Print-Making a Difference

Jana Choe speaks to Chris Robinson about her Remis Lobby show


Jana Choe, Editor

From September 6th to October 7th, the Remis Lobby Gallery at the Wilkie Performing Arts Center featured the artwork of Ms. Chris Robinson (lovingly referred to as Chris by all Govs students). Her exhibit, Ink + Print = Press, displayed a series of wonderful prints of various methods, such as silkscreen, etching, and woodcuts. 

INK – There is nothing more stunning than a luscious black ink mixed with a little plate oil. 

It is the process of printmaking that first drew Chris into this form of art — the idea that the original image always changes along the way, whether in a good or a bad way. “The thrill is, when the [print] goes through the press, you never know until the very end which one it is,” remarked Chris. “Not until you pull back the paper.”

She believes that reworking on the plate often enhances the beauty of the work. “Look at Rembrandt,” Chris commented, “you can see all the ways he redid his etchings. The print can get so much richer when you wrestle with the changes.”

PRESSURE – The physical force exerted by hand or with the press to join paper and ink together.

Each technique involves different mastery and skills. Silkscreen, for instance, requires every color to be on a different screen which is later lined up (or registered). “It’s the only print medium where I don’t have to think backward,” Chris observed.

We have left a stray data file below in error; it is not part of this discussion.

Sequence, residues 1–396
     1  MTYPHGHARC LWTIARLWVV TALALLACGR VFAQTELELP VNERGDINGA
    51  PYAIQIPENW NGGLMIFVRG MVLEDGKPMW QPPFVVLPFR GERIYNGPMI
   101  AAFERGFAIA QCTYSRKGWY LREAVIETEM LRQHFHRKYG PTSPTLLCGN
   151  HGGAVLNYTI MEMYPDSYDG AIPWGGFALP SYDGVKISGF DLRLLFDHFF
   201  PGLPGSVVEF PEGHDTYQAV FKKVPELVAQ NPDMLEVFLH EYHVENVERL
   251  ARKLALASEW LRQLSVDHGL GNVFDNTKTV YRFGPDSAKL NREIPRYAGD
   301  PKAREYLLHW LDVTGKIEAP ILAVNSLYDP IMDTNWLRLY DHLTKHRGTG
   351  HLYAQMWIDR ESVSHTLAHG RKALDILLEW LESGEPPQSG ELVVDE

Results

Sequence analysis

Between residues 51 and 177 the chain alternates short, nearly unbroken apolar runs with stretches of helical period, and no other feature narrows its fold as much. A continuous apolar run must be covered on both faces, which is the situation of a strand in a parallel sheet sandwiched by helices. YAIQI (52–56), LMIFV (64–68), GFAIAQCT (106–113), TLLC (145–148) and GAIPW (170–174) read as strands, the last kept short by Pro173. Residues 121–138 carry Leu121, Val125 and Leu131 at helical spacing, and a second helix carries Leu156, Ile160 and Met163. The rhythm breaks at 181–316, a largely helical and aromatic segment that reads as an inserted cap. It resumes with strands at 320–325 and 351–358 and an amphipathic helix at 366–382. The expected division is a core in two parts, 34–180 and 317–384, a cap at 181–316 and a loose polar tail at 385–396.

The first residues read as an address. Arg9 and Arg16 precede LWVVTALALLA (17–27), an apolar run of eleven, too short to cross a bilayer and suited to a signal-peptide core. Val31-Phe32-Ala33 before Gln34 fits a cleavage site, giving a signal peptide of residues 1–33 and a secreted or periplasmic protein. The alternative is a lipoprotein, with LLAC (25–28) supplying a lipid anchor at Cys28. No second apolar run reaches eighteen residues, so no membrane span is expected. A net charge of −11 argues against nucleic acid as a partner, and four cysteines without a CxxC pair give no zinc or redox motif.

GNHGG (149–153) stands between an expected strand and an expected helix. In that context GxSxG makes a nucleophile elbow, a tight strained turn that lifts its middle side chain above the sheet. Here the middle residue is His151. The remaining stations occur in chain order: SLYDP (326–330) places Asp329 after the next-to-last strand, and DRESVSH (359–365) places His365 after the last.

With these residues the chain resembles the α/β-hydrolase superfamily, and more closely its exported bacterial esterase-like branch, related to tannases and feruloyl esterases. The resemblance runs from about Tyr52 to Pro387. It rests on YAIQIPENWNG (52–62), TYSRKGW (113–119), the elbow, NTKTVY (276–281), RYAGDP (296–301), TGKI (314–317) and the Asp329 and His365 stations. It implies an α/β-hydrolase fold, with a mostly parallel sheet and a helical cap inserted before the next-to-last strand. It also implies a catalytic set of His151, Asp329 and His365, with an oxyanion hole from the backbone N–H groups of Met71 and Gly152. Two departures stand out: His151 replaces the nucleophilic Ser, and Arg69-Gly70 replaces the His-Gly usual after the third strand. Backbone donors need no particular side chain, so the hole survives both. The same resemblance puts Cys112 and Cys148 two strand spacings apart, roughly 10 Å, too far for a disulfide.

One of the oldest forms of printmaking, woodcuts can take a little more time, as it requires hand carving. She enjoys doing it, though, for “it becomes a very meditative thing to do.”

The last form of printmaking represented in the exhibit was etching, a printmaking process in which the lines are incised into a metal plate using acid. After preparing copper as a base plate, Chris puts the ground on it, a waxy material that is meant to protect the unmarked parts of the metal from acid. She then starts drawing on the plate, which then goes into ferric chloride acid for at least 45 minutes. After cleaning it up, she looks over the plate to see what it might look like once printed. “Then I’ll make changes — and go through the whole process again until I get something I like.” Once the plate is ready to be printed, she spends time experimenting with different colors, changing the paper or the ink color, for instance.  

“I think most printmakers would say black is their favorite color,” Chris answered. But that doesn’t mean that she only uses black in her works — while black is indeed a significant element of the majority of her works, the vibrance of blue, red, orange, and yellow also captivates the visitors’ eyes from the walls of the Remis Gallery. 

PRINTS — No matter how much you plan, you just never know what the result will be.

Chris has been a member of Chase’s Studio in Maine for the past five years. There, everything she needs for printmaking — whether it be etching or silkscreening — is set up and ready to be used, according to Chris. She also collaborates with her fellow artists working there, creating some beautiful pieces. She also reaches out to these artists to ask for help in solving a technical problem or to receive feedback on a specific print. It is a place of learning and laughter, commented Chris, “It’s all about making work and not taking yourself too seriously.”

Anything can be the subject of her work. “When my dog and I go for walks,” Chris remarked, “I look at my surroundings.” While she always gravitates toward animals —whether it be cats, dogs, or otters— nature and other sceneries also charm her, “like a single light on in a house or the way the sunlight hits a tree.” In those simple, everyday things, Chris sees the spark that will continue to reside in her beautifully engraved prints.